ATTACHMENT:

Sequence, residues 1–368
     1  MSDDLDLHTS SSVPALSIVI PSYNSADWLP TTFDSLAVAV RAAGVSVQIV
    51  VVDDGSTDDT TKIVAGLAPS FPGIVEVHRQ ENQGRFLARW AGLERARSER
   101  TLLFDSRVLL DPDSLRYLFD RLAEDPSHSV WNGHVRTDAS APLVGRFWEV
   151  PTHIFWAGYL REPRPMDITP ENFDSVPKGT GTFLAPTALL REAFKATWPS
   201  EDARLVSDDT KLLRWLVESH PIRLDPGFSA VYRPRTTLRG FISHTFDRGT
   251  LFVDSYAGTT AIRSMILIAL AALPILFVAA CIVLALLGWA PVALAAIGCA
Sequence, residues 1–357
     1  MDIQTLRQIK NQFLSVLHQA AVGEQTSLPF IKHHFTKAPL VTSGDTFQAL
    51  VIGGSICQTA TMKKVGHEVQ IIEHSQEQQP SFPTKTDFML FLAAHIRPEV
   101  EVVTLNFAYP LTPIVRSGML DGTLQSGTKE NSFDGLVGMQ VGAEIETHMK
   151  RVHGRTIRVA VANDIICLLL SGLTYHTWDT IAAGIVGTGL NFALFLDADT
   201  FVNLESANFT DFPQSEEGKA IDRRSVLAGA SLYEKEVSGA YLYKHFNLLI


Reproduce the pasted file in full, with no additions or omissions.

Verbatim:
Sequence, residues 1–368
     1  MSDDLDLHTS SSVPALSIVI PSYNSADWLP TTFDSLAVAV RAAGVSVQIV
    51  VVDDGSTDDT TKIVAGLAPS FPGIVEVHRQ ENQGRFLARW AGLERARSER
   101  TLLFDSRVLL DPDSLRYLFD RLAEDPSHSV WNGHVRTDAS APLVGRFWEV
   151  PTHIFWAGYL REPRPMDITP ENFDSVPKGT GTFLAPTALL REAFKATWPS
   201  EDARLVSDDT KLLRWLVESH PIRLDPGFSA VYRPRTTLRG FISHTFDRGT
   251  LFVDSYAGTT AIRSMILIAL AALPILFVAA CIVLALLGWA PVALAAIGCA
Sequence, residues 1–357
     1  MDIQTLRQIK NQFLSVLHQA AVGEQTSLPF IKHHFTKAPL VTSGDTFQAL
    51  VIGGSICQTA TMKKVGHEVQ IIEHSQEQQP SFPTKTDFML FLAAHIRPEV
   101  EVVTLNFAYP LTPIVRSGML DGTLQSGTKE NSFDGLVGMQ VGAEIETHMK
   151  RVHGRTIRVA VANDIICLLL SGLTYHTWDT IAAGIVGTGL NFALFLDADT
   201  FVNLESANFT DFPQSEEGKA IDRRSVLAGA SLYEKEVSGA YLYKHFNLLI